In its position statement Nurses and human rights , the ICN (2011a) recognises that all individuals have a right to health care and that nurses have an obligation to safeguard and respect this right at all times. This right is taken as including: the right to choose or decline care and to accept or refuse treatment, the right to be treated with respect, the right to informed consent (including to be free of non-consensual medical treatment), the right to confidentiality, the right to dignity (including the right to die with dignity) and the right to be free from pain, torture and other cruel, inhumane or degrading treatment in a health care context. In light of the ICN’s (and other related national nursing organisations’) statements, it can be seen that the issue of patients’ (clients’) rights (alias human rights in health care) is of obvious importance to the nursing profession. If nurses are to respond appropriately and effectively to this issue, however, they need to have knowledge and understanding of, first, what patients’ rights are and, second, how these rights can best be upheld. It is to advancing an understanding of these matters that this discussion will now turn.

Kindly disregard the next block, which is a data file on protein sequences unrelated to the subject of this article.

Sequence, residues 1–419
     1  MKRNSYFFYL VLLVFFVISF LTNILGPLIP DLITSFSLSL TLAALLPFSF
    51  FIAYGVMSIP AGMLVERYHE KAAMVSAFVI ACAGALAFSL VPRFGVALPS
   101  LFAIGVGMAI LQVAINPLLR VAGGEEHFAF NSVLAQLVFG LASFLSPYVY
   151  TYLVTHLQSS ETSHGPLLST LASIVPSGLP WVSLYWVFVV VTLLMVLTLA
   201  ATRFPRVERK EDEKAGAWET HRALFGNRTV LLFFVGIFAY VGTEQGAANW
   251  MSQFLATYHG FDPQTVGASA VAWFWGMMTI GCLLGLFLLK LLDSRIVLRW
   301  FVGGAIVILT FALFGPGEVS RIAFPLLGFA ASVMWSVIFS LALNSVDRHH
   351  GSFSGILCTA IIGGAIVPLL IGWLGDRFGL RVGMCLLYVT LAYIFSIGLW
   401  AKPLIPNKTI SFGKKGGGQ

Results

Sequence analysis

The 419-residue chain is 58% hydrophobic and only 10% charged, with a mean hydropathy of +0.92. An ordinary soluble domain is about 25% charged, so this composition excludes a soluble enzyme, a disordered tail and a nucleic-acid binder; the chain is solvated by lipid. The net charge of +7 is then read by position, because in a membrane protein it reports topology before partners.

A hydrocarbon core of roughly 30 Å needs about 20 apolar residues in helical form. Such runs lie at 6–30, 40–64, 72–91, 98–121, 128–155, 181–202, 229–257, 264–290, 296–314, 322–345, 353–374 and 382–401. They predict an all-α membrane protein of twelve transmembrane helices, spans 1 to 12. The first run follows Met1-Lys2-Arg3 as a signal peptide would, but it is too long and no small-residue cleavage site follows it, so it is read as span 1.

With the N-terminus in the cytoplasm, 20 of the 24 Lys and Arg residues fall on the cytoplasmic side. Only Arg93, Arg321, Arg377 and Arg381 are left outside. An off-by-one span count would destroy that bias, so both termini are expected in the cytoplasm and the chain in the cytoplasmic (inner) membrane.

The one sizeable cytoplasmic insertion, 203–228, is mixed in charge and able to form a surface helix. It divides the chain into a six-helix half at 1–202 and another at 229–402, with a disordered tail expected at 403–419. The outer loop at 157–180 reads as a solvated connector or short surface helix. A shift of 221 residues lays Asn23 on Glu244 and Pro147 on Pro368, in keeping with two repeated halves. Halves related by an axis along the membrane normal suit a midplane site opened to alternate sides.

What are patients’ rights?